A poetry slam is an event where poets have three minutes to read, recite, or perform original work in a competitive atmosphere. Five judges are selected randomly from the audience to distil the poem into a score out of ten. The low and high scores are dropped for a possible total score of 30. After two rounds (usually with a feature in between rounds), the poet with the top score wins the slam.
In the case of the Winnipeg Poetry Slam, a regular season of competitions is held to establish a set of poets who will progress through to semi-finals and finals. The top five poets will then form the Winnipeg Poetry Slam team, and will have the opportunity to represent the city in a national competition at the Canadian Festival of Spoken Word. Also, the poet with the top score at finals will be crowned as the Grand Slam Champion.
(See the Competition Rules page the complete breakdown.)
The poets typically memorize their poems. The audience is encouraged to snap when they hear a line in a poem they enjoy, and they can sway the judges too—yelling things like “higher” or “get it right” when they think the poet deserves a good score.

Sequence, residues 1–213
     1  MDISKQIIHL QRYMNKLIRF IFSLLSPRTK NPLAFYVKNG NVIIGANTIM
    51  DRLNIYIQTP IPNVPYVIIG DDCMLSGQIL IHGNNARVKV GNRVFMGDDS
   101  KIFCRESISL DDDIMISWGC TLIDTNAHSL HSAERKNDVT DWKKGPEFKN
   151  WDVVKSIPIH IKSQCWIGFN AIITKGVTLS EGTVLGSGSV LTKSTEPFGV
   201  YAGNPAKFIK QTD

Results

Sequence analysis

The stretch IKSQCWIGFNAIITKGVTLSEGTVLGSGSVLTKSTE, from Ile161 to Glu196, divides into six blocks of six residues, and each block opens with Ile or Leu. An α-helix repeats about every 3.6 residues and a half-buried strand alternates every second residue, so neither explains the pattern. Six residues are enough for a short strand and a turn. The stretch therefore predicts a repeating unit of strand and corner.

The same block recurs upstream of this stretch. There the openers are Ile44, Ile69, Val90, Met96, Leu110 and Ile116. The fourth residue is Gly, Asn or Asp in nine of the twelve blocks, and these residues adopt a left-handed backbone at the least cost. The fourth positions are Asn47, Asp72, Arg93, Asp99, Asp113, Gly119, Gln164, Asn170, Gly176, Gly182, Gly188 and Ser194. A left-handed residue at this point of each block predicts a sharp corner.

Slam poetry is not the same poetry you analyzed in high school English class. There is no teacher who has the final say in what’s good and what isn’t—any spectator at a slam can pick up a set of scorecards and rate the poetry from one to ten. These judges could know a lot about storytelling, or they could be someone who hasn’t read in years.
Because spoken word is performed, improvisers, comedians, actors and singers can excel at slams. Rapping, dancing, and beatboxing can all become elements of a great spoken word poem.
Perhaps the best way to explain the energy and theatrics of poetry slam is to imagine, if you will, a diving competition mixed with a rap off.